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05-21-2011, 06:02 AM #21
What's the big deal? It's not like iOS device owners can browse over to Amazon's "appstore" for apps. The average idevice owner will never know Amazon has a "appstore" all they know is Apple has a "app store".
Personally I think Amazon did it just to piss Apple off.If I can't mod it...I don't want it.
05-21-2011, 07:06 AM #22
[/LEFT][QUOTE]Microsoft owns the internet through Hotmail. The .HTML is short for Hotmail, so all .HTML files are MS files.[/QUOTE][URL="http://twitter.com/dale1v"][SIZE=2][COLOR=Cyan][I]twitter.com/dale1v[/I][/COLOR][/SIZE][/URL]
05-21-2011, 07:29 AM #23
05-21-2011, 08:55 AM #24
Suing over the use of "market". Come on...
05-21-2011, 09:28 AM #25
Wasn't Apple the first company to refer to mobile applications (and later computer software) as "apps"? Every other company was still calling software "software" until the App Store took off, then everybody tried to say "App" and "App Store" is a common term in the business realm. Apple has a legitimate gripe. However, I feel as though if they were going to pursue action like this, they should have tragemarked the name before the app store launch.
I also happen to think they should have coined the stylized lowercase "i" in front of everything: "iPhone", "iPod", "iPad" were cool, but now my job uses "iPerform" and "iLearn", and I saw the new Pirates movie last night at the "iPic Theater". A trendy, innovative company like Apple dropping these things on the public without thinking through tradenames is almost as bad as them releasing the iPhone without any patents. This feels like APple dropped the ball on major intellectual property, and now they're scrambling to tie up the loose ends.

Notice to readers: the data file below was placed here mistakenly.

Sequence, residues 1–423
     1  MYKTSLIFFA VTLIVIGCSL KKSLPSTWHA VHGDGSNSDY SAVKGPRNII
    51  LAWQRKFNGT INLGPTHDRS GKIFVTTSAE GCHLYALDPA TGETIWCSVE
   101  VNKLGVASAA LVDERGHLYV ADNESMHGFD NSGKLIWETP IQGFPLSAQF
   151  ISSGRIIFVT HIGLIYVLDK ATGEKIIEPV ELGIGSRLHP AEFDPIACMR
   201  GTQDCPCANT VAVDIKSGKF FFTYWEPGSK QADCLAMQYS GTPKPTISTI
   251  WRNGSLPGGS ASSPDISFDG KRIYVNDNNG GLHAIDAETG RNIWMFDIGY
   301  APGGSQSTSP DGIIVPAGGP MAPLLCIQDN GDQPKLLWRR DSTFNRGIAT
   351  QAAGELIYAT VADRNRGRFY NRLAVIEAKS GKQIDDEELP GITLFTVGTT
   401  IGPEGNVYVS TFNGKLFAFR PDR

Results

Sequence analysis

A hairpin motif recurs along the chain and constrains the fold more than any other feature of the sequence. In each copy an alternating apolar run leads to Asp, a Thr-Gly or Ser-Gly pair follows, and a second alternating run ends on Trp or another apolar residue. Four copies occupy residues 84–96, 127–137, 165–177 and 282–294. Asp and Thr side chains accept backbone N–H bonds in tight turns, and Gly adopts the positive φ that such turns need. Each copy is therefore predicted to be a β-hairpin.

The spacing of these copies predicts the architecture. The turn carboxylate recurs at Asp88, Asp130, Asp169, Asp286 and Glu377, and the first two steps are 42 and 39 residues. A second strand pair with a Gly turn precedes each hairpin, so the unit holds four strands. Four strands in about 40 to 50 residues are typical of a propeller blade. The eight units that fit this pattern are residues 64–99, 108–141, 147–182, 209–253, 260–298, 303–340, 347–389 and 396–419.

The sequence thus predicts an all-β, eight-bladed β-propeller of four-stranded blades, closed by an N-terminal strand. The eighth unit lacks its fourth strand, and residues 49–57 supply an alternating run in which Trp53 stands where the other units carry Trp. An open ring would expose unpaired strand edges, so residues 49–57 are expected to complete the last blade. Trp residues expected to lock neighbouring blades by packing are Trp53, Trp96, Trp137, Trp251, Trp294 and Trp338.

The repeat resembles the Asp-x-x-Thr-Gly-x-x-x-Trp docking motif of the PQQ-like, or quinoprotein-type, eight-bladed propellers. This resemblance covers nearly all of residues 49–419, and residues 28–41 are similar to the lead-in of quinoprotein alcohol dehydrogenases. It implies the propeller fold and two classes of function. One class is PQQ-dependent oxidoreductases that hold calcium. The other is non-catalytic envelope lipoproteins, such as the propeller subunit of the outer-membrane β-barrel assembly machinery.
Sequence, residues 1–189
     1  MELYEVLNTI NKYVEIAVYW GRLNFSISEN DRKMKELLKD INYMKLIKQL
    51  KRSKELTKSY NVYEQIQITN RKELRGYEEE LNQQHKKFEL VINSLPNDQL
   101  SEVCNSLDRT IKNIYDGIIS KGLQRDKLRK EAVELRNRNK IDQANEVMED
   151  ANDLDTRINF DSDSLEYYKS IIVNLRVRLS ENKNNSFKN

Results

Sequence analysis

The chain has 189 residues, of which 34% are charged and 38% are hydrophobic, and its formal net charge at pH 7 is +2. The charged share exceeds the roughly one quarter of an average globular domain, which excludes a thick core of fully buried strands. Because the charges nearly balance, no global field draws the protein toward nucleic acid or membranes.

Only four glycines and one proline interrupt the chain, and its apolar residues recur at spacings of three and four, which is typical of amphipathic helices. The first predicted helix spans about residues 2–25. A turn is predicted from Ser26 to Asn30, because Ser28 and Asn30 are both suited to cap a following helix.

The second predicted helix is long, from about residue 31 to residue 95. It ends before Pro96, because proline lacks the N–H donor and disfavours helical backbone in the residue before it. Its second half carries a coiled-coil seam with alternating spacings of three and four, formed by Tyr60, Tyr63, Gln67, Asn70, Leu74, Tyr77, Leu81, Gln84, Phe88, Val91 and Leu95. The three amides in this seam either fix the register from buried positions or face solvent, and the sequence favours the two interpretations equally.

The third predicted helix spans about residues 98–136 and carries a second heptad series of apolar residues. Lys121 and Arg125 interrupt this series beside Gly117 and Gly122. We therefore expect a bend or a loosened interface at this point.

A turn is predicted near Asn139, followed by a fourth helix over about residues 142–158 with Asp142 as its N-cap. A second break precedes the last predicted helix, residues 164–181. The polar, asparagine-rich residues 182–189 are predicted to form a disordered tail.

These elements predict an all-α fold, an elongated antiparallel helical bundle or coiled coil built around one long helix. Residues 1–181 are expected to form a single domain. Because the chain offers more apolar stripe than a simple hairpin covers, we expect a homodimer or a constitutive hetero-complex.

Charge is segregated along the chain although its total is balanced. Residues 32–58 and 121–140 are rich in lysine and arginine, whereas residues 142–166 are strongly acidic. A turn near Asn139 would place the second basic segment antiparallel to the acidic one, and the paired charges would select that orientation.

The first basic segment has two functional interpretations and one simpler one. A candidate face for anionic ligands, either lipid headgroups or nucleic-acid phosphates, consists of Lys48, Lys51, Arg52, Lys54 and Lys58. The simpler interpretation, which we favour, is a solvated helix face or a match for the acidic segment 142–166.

05-21-2011, 01:32 PM #26
05-22-2011, 01:31 PM #27
05-22-2011, 04:16 PM #28
Amazon might just be able to come away with the win on this one--with the added bonus of incensing Apple. #Winning™ right there.
05-23-2011, 07:25 AM #29
I've had every version of the iPhone and yes I use 'apps' and download apps.
I was helping a friend with her Samsung phone and we looked for 'apps' and we
commented on how the Samsung phone has very few 'apps' compared to the iPhone.
My friend went from an iPhone to Android phone for some reason, and we talked about there being more 'apps' on the iPhone compared to Android apps. He said there were some 'apps' on the Android that he liked better than the iPhone "apps"
So saying apps is like saying "software" or "programs" or "games". If Apple owned the term "Thunderbolt" they would have told Intel to stop using that name or they will be sued.
Intel seems to be pretty cool about letting Apple use the term "Thunderbolt", so Apple needs to chill out.
05-23-2011, 09:25 AM #30
05-23-2011, 01:15 PM #31Originally Posted by ;6062187
05-26-2011, 01:54 PM #32
05-31-2011, 08:13 AM #33
Also, I forgot to mention, that "app" can also be short for "applet" too, which is essentially just a terming meaning small application. Java has used that term for well over a decade, (though only for those running within browsers, despite the fact that the same programs running on a desktop instead would normally just be called a Java application (or "Java app")) and, IMHO, that term appears to work well in describing iOS apps. Further more, there IS a separate "Apple Store" app for iDevices, is there not? "App Store" is for getting applications, plain and simple. It's not for getting apple, nor is it for inquiring about Apple support. Lastly, there would just be no point in shortening a 5 letter word to 3 letters. An 11 letter word on the other hand...